Tips on Catching Florida Bass in Winter:
- Find structure in the wintertime -- Bass frequent deeper underwater structure
- Fish the shallows only late in the afternoons
- When retrieving any hardware, a slower than normal presentation is required
- Subtle jerks are used in plastics, looking for slight twitches in the line to alert a bite
- Angling just before a low-pressure (Cold front) seems to produce the best bite
- If on the water, and the bite is slow to no, come back the next day in finding that window
- Find that window of opportunity, mark it on a calendar and fish it all wintertime
I have an above-ground pool in my backyard. More times than not, the water temperature of that 16-foot pool is within a degree of the areas I fish in my canoe, fresh to saltwater; with salt being usually a degree different, and the freshwater is a match. Bass start their winter feeding patterns as the water temperatures hit 62 degrees and falls into the extreme lower 50s. If the water in Florida falls into the 40s, a landing net is all that would be needed, assuming it were legal! Finding underwater structure in deeper water is the key to finding wintertime Largemouth Florida Bass. Crank baits such as a lipped type lure, Bass Pro crayfish (in its red patterns), retrieved slowly with periodic stops, works well. Zoom four-inch lizards on a wide-gap weighted 1/8 ounce hook, inserted weedless style, will entice all bass in the area as lizards are still everywhere right now. Remember to use subtle jerks and watch your line for the same coming back as this represents a strike. Do not wait as you might in summer months, set that hook!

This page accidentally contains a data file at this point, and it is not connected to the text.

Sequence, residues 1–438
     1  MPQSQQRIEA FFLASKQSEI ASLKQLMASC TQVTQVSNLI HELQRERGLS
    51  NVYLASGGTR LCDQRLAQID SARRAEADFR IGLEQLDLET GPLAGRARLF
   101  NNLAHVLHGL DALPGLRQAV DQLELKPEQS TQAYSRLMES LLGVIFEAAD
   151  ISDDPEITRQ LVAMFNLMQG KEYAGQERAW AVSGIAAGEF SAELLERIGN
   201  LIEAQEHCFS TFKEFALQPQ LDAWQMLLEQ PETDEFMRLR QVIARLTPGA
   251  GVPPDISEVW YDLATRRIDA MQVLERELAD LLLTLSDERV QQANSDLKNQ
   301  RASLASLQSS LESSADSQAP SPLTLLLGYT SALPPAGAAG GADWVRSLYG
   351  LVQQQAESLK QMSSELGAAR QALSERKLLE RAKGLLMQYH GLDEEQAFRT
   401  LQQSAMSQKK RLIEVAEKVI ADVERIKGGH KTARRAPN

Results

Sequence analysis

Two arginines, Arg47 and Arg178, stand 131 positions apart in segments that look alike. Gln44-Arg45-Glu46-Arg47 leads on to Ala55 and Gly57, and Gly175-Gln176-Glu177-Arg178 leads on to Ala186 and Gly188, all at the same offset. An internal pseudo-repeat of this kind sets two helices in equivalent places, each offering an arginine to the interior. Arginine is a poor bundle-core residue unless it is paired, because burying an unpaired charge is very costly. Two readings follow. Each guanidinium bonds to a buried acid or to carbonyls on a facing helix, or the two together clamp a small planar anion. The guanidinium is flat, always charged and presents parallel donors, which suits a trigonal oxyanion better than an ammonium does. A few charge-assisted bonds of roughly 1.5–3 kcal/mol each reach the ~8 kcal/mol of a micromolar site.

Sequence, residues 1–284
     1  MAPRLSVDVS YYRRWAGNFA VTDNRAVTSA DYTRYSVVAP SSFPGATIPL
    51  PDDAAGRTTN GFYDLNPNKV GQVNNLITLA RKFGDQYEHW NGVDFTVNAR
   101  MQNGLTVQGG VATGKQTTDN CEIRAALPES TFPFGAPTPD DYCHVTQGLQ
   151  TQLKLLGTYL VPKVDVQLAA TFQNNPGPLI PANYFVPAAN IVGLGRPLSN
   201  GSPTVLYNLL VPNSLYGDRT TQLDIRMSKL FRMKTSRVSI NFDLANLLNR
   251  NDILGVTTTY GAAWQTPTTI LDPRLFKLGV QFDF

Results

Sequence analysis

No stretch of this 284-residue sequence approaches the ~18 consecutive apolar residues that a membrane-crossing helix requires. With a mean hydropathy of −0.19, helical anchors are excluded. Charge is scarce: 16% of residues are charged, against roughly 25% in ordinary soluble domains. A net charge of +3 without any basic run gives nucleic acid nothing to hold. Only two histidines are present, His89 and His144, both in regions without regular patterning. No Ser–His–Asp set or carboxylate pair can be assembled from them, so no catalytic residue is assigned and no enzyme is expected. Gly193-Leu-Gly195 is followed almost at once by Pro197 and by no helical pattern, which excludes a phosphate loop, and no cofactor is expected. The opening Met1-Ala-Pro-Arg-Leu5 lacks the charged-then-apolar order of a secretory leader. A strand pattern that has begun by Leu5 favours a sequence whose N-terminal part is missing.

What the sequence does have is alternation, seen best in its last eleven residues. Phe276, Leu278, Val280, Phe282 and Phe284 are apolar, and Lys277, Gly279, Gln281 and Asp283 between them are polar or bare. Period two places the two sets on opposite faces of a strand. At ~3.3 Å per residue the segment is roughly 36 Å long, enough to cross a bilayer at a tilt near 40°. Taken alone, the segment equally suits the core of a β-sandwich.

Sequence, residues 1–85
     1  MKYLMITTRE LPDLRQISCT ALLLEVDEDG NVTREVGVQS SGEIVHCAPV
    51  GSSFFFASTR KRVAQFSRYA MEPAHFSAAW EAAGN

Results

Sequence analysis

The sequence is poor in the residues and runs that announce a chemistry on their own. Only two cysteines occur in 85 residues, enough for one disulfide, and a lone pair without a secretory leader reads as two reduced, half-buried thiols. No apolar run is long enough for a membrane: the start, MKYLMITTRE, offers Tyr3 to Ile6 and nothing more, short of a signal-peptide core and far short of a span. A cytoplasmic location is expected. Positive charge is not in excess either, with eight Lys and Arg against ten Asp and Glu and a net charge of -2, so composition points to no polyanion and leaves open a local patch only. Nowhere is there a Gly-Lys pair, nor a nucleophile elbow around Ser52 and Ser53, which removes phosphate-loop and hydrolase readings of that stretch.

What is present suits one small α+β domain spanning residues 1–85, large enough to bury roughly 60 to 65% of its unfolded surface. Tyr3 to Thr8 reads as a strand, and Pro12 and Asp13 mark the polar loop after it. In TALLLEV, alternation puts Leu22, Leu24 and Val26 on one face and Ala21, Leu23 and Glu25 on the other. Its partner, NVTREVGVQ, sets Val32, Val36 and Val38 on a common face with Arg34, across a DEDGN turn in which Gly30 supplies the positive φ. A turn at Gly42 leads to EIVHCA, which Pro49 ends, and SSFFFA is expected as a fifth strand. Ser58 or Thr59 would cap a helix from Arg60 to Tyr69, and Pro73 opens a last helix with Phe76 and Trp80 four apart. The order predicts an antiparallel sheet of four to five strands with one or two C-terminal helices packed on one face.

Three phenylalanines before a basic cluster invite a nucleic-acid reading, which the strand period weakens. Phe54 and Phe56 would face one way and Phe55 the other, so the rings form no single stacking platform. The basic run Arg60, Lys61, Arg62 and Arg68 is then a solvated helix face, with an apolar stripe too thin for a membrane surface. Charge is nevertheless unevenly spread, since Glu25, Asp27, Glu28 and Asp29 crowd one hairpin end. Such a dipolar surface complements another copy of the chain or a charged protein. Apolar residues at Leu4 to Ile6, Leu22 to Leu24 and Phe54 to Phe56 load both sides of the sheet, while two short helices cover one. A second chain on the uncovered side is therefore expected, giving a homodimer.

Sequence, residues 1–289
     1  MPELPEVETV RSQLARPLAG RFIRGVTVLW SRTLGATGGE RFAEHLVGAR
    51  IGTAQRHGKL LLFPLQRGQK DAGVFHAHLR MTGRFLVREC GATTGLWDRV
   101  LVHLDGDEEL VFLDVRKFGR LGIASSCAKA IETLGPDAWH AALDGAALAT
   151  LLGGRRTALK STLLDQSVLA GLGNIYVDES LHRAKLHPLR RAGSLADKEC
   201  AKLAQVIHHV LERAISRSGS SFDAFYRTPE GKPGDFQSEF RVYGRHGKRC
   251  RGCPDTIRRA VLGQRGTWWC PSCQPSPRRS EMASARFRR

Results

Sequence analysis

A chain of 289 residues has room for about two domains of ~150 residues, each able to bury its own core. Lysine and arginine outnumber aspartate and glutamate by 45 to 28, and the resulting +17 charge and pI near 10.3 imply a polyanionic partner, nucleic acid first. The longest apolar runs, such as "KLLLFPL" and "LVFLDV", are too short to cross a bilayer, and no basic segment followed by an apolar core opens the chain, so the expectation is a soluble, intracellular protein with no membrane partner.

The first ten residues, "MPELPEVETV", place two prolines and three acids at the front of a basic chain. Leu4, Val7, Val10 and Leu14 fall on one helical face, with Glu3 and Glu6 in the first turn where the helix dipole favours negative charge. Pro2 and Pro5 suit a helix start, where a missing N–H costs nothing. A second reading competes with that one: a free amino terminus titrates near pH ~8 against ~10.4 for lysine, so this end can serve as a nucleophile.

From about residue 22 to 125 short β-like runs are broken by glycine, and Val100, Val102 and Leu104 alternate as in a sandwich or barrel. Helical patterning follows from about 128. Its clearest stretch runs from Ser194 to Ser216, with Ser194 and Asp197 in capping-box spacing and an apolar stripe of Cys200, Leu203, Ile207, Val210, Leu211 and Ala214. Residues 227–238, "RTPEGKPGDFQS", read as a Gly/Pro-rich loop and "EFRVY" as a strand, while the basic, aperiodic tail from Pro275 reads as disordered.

Watch the Weather ForecastsIf the front coming in falls on the day it arrives or the day before, as you marked your calendar to that 48-hour window, you are one step closer to getting that Lunker! Remember, as the sun warms the shallow waters around your fishing area, baitfish such as minnows to panfish will frequent and so will hungry Bass. In the shallows, try the use of topwaters. My two favorites are the Zoom Frog and the Bass Pro XLT in green. Hard pops, with longer than normal stops before a slow but steady retrieve. A rule of thumb with topwater pops is to watch the rings in the water disappear before your retrieve. Nine out of ten times a strike happens while those rings, which are area-specific, are rippling.
Remember to find that window of opportunity. Fish the deep water in the beginning of the day around underwater structure and move into the shallows as the water warms with the afternoon sun -- you too can be that champion of the water in conquering our Wintertime Florida Largemouth Bass.
Captain Gary A. Anderson